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In Super Bowl Week, Hall Of Famers Return — As Salesmen
Originally published on Fri January 31, 2014 7:51 pm
AUDIE CORNISH, BYLINE: In the run up to the Super Bowl, demand for former players and coaches to interview is high. Dozens of sports radio stations have set up camp in New York City's Radio Row. Many interviewees have leveraged that demand into short-term celebrity endorsements. NPR's Mike Pesca caught the pitches.
MIKE PESCA, BYLINE: Radio Row, Sheraton Hotel, New York City. A station that called itself The Team is here. So is The Ticket. There are a few fans, a sports animal and a sports carnivore. They're talking gap responsibility, debating how often to put eight men in the box. In other words, the raison d'etre of being a sports carnivore. But on occasion, other topics seep in.
(SOUNDBITE OF MONTAGE INTERVIEW)
UNIDENTIFIED MAN #1: Now you're here obviously with the NFL Network and also with Verizon today and...
UNIDENTIFIED MAN #2: Tell us about the bowling event...
UNIDENTIFIED MAN #3: Tell us about promote53.com, Chris.
DAN MARINO: Do you get more questions about being on CBS pregame, being a hall of fame quarterback or Nutrisystem?
UNIDENTIFIED MAN #4: I think Denver is going to run away with it.
UNIDENTIFIED MAN #5: All right. Now this week - tell me what you're plugging this week. Www...
DAN PATRICK: You brought in bags of M&M'S here. Thank you.
ED JONES: GoBowling.com.
PESCA: The sport is football, but the pitch is omnipresent. Paulie Pabst has been to 10 Super Bowls as a producer for "The Dan Patrick Radio Show."
PAULIE PABST: If I ever see a guest without a sponsor, I'm wondering how it happened.
PESCA: Talk shows need guests. Guests found a way to be paid. No one in the circle seems to be complaining. Pabst says when he started, a quarter of his show's guests had a product to plug whereas now it's the norm.
PABST: Sometimes you'll be like, what is this product here? Like, Emmitt Smith today, it was a product about gout, and I don't know much about gout. I do now after having Emmitt Smith on.
PESCA: Hall of fame running back Emmitt Smith. Companies figure might as well get the most qualified pro to slide between the quid and quo. The guest Dan Patrick was talking M&M'S with in that montage was Joe Montana. Dan Marino was talking Nutrisystem. The bowling enthusiast you heard was Ed "Too Tall" Jones. One year, former bears coach Mike Ditka endorsed toilet paper.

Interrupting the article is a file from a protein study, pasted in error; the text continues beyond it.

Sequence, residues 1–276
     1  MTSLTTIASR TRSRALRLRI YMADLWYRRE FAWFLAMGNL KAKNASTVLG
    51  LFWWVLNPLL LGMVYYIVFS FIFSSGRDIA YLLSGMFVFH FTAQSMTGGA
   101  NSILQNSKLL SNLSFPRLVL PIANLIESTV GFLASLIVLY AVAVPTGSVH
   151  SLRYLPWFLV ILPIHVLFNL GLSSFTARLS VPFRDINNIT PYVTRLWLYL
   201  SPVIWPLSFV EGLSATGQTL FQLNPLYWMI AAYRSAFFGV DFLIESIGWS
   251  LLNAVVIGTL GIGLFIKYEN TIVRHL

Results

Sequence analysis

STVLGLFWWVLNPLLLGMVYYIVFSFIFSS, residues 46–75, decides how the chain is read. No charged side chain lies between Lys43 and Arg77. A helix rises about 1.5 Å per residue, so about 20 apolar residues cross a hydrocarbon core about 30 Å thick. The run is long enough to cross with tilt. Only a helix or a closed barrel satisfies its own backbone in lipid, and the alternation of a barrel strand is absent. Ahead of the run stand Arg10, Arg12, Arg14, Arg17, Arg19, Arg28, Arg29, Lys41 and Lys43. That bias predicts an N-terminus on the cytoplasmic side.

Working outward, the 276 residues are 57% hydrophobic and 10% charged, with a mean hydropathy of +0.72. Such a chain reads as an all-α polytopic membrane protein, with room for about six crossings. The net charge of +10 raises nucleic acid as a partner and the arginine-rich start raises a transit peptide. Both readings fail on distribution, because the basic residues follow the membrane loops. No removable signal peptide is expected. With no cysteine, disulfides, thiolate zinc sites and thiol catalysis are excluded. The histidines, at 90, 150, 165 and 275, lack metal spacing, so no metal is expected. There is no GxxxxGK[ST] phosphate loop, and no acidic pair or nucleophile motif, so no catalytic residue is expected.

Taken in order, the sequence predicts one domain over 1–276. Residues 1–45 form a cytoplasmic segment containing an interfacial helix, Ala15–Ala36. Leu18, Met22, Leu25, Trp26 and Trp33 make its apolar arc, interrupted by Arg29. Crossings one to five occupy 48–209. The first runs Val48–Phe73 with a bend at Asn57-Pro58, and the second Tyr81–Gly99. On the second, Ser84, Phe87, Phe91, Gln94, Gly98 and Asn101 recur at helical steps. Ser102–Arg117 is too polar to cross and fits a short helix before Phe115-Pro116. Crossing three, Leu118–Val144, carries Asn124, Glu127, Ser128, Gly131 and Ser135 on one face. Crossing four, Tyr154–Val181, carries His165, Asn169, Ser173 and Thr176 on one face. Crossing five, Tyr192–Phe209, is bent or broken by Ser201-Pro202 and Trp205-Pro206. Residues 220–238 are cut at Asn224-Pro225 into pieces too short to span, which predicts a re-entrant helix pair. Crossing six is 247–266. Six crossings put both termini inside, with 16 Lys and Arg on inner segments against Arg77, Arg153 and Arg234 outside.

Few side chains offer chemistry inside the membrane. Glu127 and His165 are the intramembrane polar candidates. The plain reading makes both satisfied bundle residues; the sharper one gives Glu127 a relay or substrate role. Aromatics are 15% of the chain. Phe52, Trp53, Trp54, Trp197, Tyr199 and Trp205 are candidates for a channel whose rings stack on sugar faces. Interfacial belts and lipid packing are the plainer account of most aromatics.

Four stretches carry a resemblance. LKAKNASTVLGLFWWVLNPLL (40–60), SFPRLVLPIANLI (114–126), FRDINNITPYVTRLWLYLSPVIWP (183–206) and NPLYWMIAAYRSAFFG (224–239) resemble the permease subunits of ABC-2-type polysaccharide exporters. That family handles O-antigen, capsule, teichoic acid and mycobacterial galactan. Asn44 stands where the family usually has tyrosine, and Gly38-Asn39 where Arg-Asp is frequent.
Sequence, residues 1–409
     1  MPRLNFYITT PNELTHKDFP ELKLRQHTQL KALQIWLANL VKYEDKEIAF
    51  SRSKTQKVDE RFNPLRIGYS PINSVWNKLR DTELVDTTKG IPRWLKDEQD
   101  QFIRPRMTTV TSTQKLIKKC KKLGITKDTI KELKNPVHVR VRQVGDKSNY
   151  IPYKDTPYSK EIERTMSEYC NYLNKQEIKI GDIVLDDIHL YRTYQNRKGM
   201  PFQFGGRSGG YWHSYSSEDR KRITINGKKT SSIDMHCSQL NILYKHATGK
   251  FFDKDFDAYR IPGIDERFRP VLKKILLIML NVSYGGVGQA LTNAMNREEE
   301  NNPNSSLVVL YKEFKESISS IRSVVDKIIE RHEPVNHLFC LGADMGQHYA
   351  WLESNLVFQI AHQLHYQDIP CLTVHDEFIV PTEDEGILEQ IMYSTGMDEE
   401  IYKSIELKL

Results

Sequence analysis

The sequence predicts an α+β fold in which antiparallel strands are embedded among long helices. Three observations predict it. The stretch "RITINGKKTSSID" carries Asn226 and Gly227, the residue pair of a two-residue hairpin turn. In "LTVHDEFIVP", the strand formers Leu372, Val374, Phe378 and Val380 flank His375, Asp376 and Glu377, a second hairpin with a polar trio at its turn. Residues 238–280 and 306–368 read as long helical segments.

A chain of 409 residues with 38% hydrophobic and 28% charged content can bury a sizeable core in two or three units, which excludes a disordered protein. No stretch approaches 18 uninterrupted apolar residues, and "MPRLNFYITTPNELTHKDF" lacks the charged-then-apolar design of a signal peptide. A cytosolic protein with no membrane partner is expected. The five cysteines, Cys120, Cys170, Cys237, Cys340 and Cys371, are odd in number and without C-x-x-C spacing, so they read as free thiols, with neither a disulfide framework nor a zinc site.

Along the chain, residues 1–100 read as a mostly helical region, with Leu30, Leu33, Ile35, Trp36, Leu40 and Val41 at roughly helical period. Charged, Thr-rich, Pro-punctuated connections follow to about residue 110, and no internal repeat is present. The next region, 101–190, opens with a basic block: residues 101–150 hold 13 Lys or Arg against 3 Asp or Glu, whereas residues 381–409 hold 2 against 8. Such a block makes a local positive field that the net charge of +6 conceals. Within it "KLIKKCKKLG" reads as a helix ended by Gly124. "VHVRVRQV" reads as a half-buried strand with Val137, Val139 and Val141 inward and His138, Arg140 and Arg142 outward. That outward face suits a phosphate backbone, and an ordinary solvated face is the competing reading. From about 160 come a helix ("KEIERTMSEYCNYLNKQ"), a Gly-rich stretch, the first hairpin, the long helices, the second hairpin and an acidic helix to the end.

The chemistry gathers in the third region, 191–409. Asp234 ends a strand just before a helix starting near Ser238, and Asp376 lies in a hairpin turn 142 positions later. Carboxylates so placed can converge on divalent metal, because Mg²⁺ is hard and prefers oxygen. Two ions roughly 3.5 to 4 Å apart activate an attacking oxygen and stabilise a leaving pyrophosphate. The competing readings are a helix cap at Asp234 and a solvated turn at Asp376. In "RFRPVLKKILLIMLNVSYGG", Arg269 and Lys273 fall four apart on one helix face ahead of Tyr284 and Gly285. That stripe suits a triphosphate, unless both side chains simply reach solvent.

Jimmy Shapiro who links companies to celebrities wouldn't be surprised if Ditka netted upwards of $100,000 for that endorsement. Even non-athletes get in on the action. One year, Shapiro tried to pair Xbox with the actor Jerry Ferrara. But Ferrara's agent asked for the moon.
JIMMY SHAPIRO: And I don't think Ferrara ever saw it because the price that he quoted me at was $150,000 for, like, three hours on Radio Row, which is ridiculous for a frigging turtle from "Entourage."
PESCA: Bob Broderick, strategic media consultant with RBT(sic) Media, represents athletes and coaches. He says clients can get between five and $20,000 for a week's work. This week, Broderick's client, Super Bowl-winning coach Brian Billick, is plugging SeatGeek.com
BOB BRODERICK: He's probably done 40-plus radio shows. We also did some TV. We did live CNBC yesterday. And an executive from SeatGeek said yesterday that the CNBC segment alone was worth it. They saw traffic almost four times their normal average.
PESCA: Broderick says years ago, producers would chafe at allowing B- or C-list players to shill on their air. He hasn't heard an objection for a few years. To understand the demand, look at Bill Romanowski, former player in five Super Bowls, current owner of a nutrition company and partner to Smoothie King. I talked to him on Tuesday.
BILL ROMANOWSKI: I did 20 interviews yesterday. I'll do probably 20 today, 20 or 30 tomorrow, 20 or 30 the next day.
PESCA: Where does he get the energy?
ROMANOWSKI: The Lean1 Smoothie. It's a fat-burning meal replacement. Seventeen...
PESCA: To get Romanowski to talk to me, I promised to let him get a plug in, but I still reserved the right to fade out in the interest of keeping one radio network relatively non-commercial. Mike Pesca, NPR News, New York.
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